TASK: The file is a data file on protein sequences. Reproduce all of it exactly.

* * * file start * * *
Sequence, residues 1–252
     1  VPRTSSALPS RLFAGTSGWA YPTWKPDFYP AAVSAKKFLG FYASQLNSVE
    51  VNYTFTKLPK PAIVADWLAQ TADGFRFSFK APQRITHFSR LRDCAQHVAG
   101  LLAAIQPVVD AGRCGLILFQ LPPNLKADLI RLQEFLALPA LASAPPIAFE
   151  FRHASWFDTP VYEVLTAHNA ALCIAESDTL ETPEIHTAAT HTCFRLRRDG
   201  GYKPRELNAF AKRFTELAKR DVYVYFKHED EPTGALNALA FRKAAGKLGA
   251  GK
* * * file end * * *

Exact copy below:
Sequence, residues 1–252
     1  VPRTSSALPS RLFAGTSGWA YPTWKPDFYP AAVSAKKFLG FYASQLNSVE
    51  VNYTFTKLPK PAIVADWLAQ TADGFRFSFK APQRITHFSR LRDCAQHVAG
   101  LLAAIQPVVD AGRCGLILFQ LPPNLKADLI RLQEFLALPA LASAPPIAFE
   151  FRHASWFDTP VYEVLTAHNA ALCIAESDTL ETPEIHTAAT HTCFRLRRDG
   201  GYKPRELNAF AKRFTELAKR DVYVYFKHED EPTGALNALA FRKAAGKLGA
   251  GK